Atonement principles (10 points)
- That the nature of Christ was not exactly like ours.
- That the offering
of Christ was not for himself, and Christ never made any offering for
- That Christ's offering was for personal sins or moral impurities
only. That our sins laid on Christ made him unclean and accursed of God, and
that it was from this curse and this uncleanness that Christ needed
- That Christ died as a substitute; ie, that he was punished for
the transgressions of others and that he became a bearer of sin by suffering the
punishment due for sins.
(JC and CMPA, "A Time to Heal").
- That death came into the world extraneously to the nature bestowed upon
Adam in Eden, and was not inherent in him before sentence.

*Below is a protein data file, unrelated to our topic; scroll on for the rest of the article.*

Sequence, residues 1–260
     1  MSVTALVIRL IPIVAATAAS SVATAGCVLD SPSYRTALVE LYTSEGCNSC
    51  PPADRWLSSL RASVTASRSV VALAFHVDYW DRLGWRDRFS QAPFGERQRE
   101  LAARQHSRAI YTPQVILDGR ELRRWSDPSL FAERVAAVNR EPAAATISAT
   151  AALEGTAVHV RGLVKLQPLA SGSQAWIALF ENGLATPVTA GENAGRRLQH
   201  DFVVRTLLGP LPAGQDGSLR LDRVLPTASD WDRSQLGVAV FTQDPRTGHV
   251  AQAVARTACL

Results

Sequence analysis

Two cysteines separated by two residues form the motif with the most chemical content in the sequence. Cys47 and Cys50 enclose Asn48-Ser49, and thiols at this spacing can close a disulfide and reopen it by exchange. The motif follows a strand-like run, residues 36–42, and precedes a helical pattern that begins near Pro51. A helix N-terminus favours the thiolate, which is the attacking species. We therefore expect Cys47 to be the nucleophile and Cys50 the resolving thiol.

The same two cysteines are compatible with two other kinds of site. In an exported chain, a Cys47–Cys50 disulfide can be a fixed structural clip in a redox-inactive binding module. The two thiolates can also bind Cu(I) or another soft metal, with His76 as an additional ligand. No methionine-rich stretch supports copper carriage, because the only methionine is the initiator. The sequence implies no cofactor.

- That the sentence
defiled him [Adam] and became a physical law of his being, and was transmitted
to all his posterity.
- That the word "sin" is used in two principal
acceptations in the Scriptures. It signifies in the first place "the
transgression of law," and in the next it represents that physical principle of
the animal nature which is the cause of all its diseases, death and resolution
- That Jesus possessed our nature, which was a defiled, condemned
- That is was therefore necessary that Jesus should offer for himself
for the purging of his own nature, first, from the uncleanness of death, that
having by his own blood obtained eternal redemption for himself, he might be
able afterward to save to the uttermost those that come unto God by
- That the doctrine of substitution, ie, that a righteous man can, by
suffering the penalty due to the sinner, free the sinner from the penalty of
sin, is foreign to Scripture and is a dogma of heathen